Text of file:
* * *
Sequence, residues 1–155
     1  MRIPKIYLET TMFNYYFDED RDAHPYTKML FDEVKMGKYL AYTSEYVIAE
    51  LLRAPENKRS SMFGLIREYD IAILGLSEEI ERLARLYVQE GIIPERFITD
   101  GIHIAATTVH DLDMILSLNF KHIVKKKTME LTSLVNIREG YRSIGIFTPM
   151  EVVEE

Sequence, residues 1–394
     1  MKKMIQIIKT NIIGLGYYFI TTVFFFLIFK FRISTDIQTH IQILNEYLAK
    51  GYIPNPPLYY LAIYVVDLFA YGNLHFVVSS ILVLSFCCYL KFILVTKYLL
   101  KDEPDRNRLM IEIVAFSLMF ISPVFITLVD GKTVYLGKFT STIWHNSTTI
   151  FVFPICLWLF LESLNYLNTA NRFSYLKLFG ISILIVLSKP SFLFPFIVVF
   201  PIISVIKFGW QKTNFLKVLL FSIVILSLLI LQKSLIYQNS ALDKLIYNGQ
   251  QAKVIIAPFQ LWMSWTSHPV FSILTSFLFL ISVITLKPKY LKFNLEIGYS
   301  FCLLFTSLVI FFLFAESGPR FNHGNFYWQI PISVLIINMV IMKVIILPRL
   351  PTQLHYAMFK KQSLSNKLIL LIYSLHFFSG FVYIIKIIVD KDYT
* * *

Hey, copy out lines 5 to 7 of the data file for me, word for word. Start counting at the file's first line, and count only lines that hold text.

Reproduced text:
   151  EVVEE

Sequence, residues 1–394
     1  MKKMIQIIKT NIIGLGYYFI TTVFFFLIFK FRISTDIQTH IQILNEYLAK